Does resilience moderate the effect of intimate partner violence on signs of depression among Tanzanian pregnant women: A cross‐sectional study

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Introduction
Exposure to intimate partner violence (IPV) has been found to be associated with a multitude of poor health and quality of life outcomes. Among the risks exacerbated by IPV is prenatal depression. Resilience is hypothesized to protect against psychopathology after exposure to a traumatic influence. The present study aims to investigate resilience as a moderator of the effect of exposure to IPV on prenatal depression among pregnant women in Moshi, Tanzania.

Material and methods
In this cross‐sectional study, nested within a larger longitudinal study, pregnant women receiving antenatal care were interviewed about exposure to IPV, signs of depression using the Edinburgh Postpartum Depression Scale, and resilience using the abbreviated Connor‐Davidson Resilience Scale. Logistic regression was used to test the effect of the interaction term of resilience and exposure to IPV during pregnancy on the risk of high level of signs of depression.

Results
In total, 1013 women completed all interviews, 300 women reported exposure to IPV, and 113 had high levels of signs of depression. Mean resilience score was 14.26 (SD 9.45). Exposure to IPV was correlated with signs of depression (adjusted odds ratio 6.49, 95% CI 3.75‐11.24). Resilience was not correlated with signs of depression, nor was the interaction term of resilience and exposure to IPV.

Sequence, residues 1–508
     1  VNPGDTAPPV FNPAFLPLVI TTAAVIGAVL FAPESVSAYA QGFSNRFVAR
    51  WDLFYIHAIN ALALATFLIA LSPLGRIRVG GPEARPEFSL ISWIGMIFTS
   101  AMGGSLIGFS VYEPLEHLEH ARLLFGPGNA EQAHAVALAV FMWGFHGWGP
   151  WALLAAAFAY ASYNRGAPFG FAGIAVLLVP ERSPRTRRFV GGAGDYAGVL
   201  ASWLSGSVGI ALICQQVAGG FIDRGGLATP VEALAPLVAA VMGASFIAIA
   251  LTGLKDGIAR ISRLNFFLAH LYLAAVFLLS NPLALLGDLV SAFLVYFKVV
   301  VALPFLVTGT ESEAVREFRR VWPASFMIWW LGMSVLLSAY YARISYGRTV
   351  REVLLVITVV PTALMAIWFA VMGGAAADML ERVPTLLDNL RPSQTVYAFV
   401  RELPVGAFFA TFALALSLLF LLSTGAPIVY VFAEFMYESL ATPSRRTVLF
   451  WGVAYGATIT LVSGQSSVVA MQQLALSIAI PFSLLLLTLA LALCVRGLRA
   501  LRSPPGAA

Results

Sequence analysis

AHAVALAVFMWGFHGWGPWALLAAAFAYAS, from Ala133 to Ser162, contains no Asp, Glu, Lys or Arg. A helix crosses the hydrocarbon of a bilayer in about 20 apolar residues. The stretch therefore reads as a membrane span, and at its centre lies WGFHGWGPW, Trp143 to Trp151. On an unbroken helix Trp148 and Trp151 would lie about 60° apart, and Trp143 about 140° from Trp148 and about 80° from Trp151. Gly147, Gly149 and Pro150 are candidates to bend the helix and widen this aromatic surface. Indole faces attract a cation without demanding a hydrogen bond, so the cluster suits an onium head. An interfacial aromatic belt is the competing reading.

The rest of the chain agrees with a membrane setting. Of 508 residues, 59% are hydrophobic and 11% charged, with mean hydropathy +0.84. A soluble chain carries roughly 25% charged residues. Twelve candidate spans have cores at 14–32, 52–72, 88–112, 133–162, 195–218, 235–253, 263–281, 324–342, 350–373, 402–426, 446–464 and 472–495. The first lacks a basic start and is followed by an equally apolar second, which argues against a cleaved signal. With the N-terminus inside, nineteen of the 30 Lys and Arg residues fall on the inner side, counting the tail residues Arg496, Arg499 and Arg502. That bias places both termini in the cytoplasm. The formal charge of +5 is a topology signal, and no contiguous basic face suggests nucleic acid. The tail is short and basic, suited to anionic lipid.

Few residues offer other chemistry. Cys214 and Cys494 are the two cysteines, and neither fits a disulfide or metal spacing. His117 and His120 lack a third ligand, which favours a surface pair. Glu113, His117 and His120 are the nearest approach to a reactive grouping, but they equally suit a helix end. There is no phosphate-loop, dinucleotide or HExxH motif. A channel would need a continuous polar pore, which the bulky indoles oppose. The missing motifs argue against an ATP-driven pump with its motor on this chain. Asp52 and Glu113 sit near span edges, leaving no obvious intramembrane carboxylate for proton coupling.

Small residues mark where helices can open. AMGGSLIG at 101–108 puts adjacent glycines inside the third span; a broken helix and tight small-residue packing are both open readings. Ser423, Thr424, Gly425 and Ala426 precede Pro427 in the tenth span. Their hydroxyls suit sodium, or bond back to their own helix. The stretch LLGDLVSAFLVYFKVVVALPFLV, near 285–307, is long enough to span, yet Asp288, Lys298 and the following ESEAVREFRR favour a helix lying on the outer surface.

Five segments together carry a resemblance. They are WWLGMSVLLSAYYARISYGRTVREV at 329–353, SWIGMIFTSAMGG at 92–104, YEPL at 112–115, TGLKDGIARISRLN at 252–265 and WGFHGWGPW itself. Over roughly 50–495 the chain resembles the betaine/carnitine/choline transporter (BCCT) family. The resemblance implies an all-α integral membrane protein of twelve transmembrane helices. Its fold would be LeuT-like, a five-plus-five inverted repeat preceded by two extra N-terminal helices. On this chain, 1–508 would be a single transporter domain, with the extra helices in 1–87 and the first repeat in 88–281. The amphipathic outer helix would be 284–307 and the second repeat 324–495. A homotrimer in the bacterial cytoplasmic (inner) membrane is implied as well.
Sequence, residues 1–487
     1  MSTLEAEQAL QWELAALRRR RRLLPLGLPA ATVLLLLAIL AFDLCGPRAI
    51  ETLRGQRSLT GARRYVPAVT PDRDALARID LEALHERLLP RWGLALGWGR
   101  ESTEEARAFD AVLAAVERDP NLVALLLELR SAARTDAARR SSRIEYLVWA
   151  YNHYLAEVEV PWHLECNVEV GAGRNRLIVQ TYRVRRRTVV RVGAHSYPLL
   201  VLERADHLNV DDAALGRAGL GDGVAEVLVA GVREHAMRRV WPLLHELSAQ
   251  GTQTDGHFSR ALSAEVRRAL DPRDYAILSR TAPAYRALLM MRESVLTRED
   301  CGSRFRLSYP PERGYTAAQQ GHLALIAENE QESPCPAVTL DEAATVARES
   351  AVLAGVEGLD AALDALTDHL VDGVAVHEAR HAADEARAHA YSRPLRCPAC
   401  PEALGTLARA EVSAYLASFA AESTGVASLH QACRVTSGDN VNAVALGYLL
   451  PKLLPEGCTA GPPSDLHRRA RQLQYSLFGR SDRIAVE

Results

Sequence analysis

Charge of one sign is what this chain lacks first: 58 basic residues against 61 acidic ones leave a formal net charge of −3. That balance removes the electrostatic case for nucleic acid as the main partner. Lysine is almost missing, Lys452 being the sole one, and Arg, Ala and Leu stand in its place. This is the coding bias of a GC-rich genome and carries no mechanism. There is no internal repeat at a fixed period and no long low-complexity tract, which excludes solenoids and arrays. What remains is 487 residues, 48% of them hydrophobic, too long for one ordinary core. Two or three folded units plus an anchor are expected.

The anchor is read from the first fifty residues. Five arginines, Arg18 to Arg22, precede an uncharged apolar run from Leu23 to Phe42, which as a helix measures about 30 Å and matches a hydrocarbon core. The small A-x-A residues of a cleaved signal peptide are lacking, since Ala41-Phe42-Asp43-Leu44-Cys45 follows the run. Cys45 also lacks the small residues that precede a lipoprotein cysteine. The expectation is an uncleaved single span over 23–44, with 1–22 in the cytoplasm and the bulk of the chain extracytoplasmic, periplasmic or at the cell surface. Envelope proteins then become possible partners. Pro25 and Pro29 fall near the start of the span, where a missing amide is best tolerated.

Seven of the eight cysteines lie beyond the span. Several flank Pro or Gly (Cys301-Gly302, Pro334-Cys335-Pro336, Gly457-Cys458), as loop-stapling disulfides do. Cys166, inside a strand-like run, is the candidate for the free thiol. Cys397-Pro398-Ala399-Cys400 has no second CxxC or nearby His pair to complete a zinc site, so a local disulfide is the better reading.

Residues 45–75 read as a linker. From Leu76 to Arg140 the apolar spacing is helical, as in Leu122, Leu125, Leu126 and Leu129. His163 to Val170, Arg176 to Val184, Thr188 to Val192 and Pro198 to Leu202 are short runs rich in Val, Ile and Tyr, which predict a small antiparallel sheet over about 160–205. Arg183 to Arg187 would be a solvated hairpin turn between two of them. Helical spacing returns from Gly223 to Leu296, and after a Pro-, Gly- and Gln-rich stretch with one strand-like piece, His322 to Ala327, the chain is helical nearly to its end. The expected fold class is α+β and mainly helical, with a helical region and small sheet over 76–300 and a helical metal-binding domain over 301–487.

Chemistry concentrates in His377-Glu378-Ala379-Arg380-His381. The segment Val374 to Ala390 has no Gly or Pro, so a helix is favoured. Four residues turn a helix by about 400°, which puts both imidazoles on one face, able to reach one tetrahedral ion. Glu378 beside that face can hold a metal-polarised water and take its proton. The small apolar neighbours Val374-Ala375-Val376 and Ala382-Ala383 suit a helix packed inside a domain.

Conclusions
The study did not find that resilience acted as a moderator of the effect of exposure to IPV during pregnancy on the risk of prenatal depression. The cross‐sectional design of the study may not be well suited to investigate resilience, which could take time to manifest. The abbreviated Connor‐Davidson Resilience Scale has not been validated in a Tanzanian setting, or in the Swahili version. Practitioners should take note that all women and families affected by IPV should be afforded relevant assistance from social services, law enforcement, healthcare practitioners, and other relevant services, regardless of their apparent level of resilience.
Original languageEnglish
JournalActa Obstetrica et Gynecologica
Volume100
Issue number4
Pages (from-to)768-774
ISSN0001-6349
DOIs
Publication statusPublished - 2021

ID: 256070239